Samoutou Family Blog
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About This Blog...

Family of 5 
from Gabon, Hong Kong and the UK   

Living in Impfondo,   
Republic of Congo   
Since April 2012 

Blog by Joyce the mum, 
Homeschooling novice, 
Eye Charity founding doctor / director. 
Reluctant domestic goddess 

Passionate about sashimi, 
helping people see 
physically and spiritually,   
and Jesus   


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P.S. This is the personal blog of the Samoutou family  
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Recent Posts

I don’t know how you do it (Confessions of a working homeschooling mum)
May 31, 2013

People often say to me, ‘I don’t know how you do it.’  They say, ‘How do you manage to run a charity, eye centre, home school, ministry and home in the depths of Africa?  I wish I were as good, brave and capable as you.’


If only they see the reality!  If only they see how chaotic and comical our lives actually are!  At work, I have unknowingly worn trousers that my kids had personalised with Disney stickers.  I have walked around with a limp until I realised that I was wearing shoes from different pairs.  I was so nervous when I gave speeches that I had to hold my shaking leg to stop my noisy shoe heel from interfering with the microphone.  I regularly forget my own children’s names when I talk to them, which is one of the reasons why we are stopping at three!


Subconsciously, we often make self-assessments against standards set by ourselves and / or standards we perceive to be set by our friends, family and society.  We have this image of what we should be as a person / Christian, as a professional / student, and as a parent / family member.  When we do not resemble that image, we feel that we have fallen short.  We may even feel guilty believing that we have let ourselves, people and God down.  For example, when I say no (again!) to my children’s request to paint, I feel like the worst and laziest homeschooling mum denying my children’s potential.  When I look around my cluttered house, I feel like the disappointing wife who fails to provide a relaxing home for her hard working husband.  When I look at the many ancient items that are still on my to-do list, I feel like the incompetent apprentice shamed before Donald Trump / Alan Sugar, and wish I were more able.  Here are a few things that help me when I start measuring myself against these mythical standards:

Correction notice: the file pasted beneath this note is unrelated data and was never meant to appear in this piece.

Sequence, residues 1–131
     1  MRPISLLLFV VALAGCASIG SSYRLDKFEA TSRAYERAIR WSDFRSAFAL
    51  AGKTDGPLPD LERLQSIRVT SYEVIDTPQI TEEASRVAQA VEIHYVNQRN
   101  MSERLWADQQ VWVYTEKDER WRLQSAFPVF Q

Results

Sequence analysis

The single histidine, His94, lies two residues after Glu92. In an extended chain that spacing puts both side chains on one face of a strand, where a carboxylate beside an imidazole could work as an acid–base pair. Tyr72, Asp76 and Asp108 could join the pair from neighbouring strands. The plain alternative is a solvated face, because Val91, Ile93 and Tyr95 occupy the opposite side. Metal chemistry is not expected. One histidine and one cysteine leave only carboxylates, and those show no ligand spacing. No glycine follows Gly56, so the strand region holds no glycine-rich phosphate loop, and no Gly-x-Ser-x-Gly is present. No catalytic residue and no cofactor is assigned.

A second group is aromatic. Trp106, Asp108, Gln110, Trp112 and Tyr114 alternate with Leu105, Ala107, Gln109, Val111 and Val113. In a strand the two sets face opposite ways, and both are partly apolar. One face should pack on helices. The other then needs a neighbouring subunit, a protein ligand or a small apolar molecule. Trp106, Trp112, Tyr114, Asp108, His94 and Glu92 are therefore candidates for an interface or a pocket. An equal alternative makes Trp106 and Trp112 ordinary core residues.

1. Recognise your humanity 

When I was in medical school, my father always encouraged me to ‘try your best and let God do the rest’.  And my heart would sink because I always felt like I had not done my best.  It was only during my final exams that I realised that my idea of doing my best meant never stopping to take a break, to sleep, and to eat!  My idea of doing my best was to be some kind of super-human.  Well, super-woman I am not.  But a human-being I am!  One with flaws and weaknesses; one who gets tired, and who messes up on a regular basis!  I’d rather be super-woman, but I am learning to make the most of who I am and more importantly, whose I am!  I am a child of God and He’s got my back!

2. Follow your heart